The sharpest change in living standards and technology in human history came about because of the invention of automation - inventing machines to do the work for you markedly increases efficiency. With increased efficiency, more time and resources are available for further innovation, so you need to find a reason why the invention, or the implementation of automation is very unlikely or difficult to achieve.
Limit knowledge sharing
New ideas pretty much always come from previous work done by others. In order for technology development to essentially stagnate, you need to ensure that it is difficult to come across existing knowledge, and difficult to share new knowledge when it is discovered. This would require a restriction to the access of education. If education is rare, it will to some extent self-perpetuate - in order to learn you need a teacher, or educational material (books). If few people have knowledge, fewer people can be teachers. For books to be rare, it must be difficult to manufacture them so don't allow the society to invent the printing press.
Keep population density and population growth low
It isn't the overall population that matters, but the population density, when it comes to knowledge sharing, so find a reason why population density remains low. It could be due to a lack of food resources (see below), or due to diseases restricting population densities that get too large.
Another way to keep population density relatively low is to have population centres far apart. This could happen if resources are scarce, or if the terrain is such that very few places are able to easily increase in size.
Keep farming inefficient
One way to keep population growth limited is to have food production be very inefficient. As long as food production is slow and labour intensive, a large proportion of the population will be required to farm, with very little spare time or money. There could be many reasons why farming is difficult:
It could be natural - a lack of fresh water, or poor soil (possibly due to some ancient catastrophe, possibly because crop rotation hasn't been invented), or excessively rugged terrain, or a high prevalence of disease in food crops, or a high level of pests that eat the crops (e.g. locusts).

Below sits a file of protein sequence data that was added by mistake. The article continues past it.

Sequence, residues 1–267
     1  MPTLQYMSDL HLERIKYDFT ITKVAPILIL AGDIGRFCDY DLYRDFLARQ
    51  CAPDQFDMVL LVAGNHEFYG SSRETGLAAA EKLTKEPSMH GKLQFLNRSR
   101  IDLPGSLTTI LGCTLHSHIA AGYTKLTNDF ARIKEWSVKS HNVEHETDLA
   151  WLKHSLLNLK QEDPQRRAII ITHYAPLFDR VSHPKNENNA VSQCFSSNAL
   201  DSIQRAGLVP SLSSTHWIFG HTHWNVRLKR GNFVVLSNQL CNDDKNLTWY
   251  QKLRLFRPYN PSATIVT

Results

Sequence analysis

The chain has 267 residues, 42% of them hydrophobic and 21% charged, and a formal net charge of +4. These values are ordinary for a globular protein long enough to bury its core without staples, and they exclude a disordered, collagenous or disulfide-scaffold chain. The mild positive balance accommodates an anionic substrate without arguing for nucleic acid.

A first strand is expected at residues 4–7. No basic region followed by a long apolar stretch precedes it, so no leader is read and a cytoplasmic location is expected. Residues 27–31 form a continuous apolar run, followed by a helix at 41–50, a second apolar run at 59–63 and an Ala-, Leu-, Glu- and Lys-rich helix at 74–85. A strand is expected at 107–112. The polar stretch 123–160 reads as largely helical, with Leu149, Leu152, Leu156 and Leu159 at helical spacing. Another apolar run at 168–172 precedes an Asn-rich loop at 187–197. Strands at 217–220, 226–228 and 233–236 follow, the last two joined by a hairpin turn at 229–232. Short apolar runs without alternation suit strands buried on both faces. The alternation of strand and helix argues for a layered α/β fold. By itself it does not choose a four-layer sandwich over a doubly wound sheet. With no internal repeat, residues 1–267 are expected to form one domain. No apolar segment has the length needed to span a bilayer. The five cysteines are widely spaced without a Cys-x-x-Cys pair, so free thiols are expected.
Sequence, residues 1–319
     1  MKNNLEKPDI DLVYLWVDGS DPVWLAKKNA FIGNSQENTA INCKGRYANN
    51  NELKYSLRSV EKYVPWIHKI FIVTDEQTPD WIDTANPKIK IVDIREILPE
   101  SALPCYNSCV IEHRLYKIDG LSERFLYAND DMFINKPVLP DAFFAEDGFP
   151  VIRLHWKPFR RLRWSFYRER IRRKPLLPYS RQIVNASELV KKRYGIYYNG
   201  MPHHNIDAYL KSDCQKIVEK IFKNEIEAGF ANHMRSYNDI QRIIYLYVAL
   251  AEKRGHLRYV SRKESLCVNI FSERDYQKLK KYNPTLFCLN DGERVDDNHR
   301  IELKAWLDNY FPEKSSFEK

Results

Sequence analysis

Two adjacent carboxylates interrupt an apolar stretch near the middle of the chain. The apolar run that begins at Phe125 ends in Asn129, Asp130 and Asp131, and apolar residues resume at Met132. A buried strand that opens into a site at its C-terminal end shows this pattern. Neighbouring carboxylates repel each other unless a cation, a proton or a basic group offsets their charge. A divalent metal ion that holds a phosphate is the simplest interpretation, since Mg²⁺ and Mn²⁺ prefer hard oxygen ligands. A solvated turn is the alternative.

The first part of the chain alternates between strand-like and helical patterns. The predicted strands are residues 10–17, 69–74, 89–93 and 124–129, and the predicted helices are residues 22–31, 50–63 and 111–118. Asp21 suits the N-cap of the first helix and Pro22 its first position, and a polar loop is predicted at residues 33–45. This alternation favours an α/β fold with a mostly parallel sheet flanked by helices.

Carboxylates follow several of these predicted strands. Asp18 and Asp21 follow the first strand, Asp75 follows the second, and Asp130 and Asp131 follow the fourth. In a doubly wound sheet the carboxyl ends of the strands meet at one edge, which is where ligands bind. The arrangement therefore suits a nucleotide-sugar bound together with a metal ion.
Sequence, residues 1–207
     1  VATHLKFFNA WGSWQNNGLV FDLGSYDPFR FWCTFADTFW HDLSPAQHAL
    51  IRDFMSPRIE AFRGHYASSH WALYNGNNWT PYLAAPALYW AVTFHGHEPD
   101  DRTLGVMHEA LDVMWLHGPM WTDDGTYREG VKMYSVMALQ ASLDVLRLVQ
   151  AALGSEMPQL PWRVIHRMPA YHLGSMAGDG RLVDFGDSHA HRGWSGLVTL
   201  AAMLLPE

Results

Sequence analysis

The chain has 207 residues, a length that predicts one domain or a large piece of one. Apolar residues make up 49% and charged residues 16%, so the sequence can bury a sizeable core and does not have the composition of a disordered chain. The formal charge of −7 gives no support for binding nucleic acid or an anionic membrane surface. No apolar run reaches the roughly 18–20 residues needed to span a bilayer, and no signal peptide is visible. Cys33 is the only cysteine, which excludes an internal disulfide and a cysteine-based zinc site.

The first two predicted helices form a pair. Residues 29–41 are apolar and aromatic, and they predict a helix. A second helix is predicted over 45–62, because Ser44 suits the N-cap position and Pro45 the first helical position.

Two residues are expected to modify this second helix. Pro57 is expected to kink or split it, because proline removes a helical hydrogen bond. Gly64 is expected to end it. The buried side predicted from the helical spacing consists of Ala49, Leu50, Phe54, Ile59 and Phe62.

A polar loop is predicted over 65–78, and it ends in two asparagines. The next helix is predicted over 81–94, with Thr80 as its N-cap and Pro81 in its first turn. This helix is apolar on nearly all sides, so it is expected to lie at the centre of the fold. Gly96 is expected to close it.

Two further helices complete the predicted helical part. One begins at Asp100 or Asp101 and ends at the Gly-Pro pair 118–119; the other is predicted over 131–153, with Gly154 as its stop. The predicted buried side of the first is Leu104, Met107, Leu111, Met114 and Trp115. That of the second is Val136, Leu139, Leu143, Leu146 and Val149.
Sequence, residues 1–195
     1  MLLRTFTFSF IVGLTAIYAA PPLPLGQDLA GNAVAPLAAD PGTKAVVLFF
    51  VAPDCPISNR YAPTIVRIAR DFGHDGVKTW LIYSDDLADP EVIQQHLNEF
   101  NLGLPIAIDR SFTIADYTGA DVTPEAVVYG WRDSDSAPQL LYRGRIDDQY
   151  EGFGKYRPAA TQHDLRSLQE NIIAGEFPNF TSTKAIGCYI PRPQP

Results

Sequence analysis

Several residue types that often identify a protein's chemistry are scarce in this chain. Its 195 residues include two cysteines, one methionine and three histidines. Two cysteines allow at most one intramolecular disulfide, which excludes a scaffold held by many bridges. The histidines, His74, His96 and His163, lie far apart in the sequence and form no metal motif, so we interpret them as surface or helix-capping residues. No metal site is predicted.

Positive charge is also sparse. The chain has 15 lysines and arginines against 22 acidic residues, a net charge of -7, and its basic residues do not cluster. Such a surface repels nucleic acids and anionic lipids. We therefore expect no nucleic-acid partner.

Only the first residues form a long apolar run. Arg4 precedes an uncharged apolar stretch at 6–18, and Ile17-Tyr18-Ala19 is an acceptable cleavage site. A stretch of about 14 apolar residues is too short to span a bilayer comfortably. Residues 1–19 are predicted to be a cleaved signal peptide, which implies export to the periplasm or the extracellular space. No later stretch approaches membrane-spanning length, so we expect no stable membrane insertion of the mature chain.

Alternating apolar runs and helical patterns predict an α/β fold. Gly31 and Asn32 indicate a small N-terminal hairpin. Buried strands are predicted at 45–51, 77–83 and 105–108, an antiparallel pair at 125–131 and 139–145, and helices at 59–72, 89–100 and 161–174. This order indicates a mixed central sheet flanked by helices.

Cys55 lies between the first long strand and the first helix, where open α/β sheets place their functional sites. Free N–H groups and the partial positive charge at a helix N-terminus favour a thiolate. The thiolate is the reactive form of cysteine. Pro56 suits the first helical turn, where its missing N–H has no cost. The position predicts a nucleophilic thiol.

It could be societal - e.g. in a feudal system where all the land is owned by wealthy (non-farming) landowners and the farming is done by serfs, there is very little incentive for the serf to come up with ways to improve farming efficiency. They won't benefit, only the landowners will.
It could be due to war - e.g. if an army invades the land, takes all the food and burns all the fields every few years, you're unlikely to be able to produce the surplus of food usually required for population growth.
Scarcity of resources, especially fuel and metals, especially iron
In a world where the only available fuel for combustion is wood from trees, the course of any industrial revolution would be hugely slowed, due to it being much less efficient a fuel compared to fossil fuels. Some of the recent jumps in technology have only been possible due to the ready access to fossil fuels like coal and oil. Additionally, if relying on trees for fuel, you need the space and time to be able to grow the trees.
Similarly, if metals like iron are difficult to get hold of, it's difficult to manufacture the tools required to invent new technologies. Such tools would become very expensive and restricted to only the most wealthy sections of society. Also, if wars were constantly being fought, the powerful may want to use most of the metal in the formation of weapons and armour, rather than tools for the manufacture of goods.
Restrict the movement of people, by making travelling difficult and take a long time
Sharing of new ideas is much more rapid if it possible to easily encounter people from different societies and geographical areas. Making travel difficult and/or take a long time is one way to restrict the movement of people.
Travel could be difficult for political reasons (e.g. warring neighbours), safety reasons (e.g. unpoliced travel routes), or a lack of resources (e.g. not very many roads/not very many transport operators).
Travel could take a long time because of several reasons. Places could be very far apart, transport could be very slow, there may be very few roads, or very poor roads.
Don't have religions
One interesting point that may be worth exploring is having a world without any religion. One of the largest sections of society that had the wealth, time and inclination in medieval (and pre-medieval) societies to travel and spread knowledge were religious institutions. Monasteries were large centres for learning in medieval Europe, especially as centres for reading and writing. It would be interesting to explore the idea of how a lack of religion would have affected the spread of knowledge. It is of course possibly counterweighted by the fact that organised religion can be a large factor in limiting the spread of "heretical" ideas and spreading mistrust among (differently faithed) neighbours.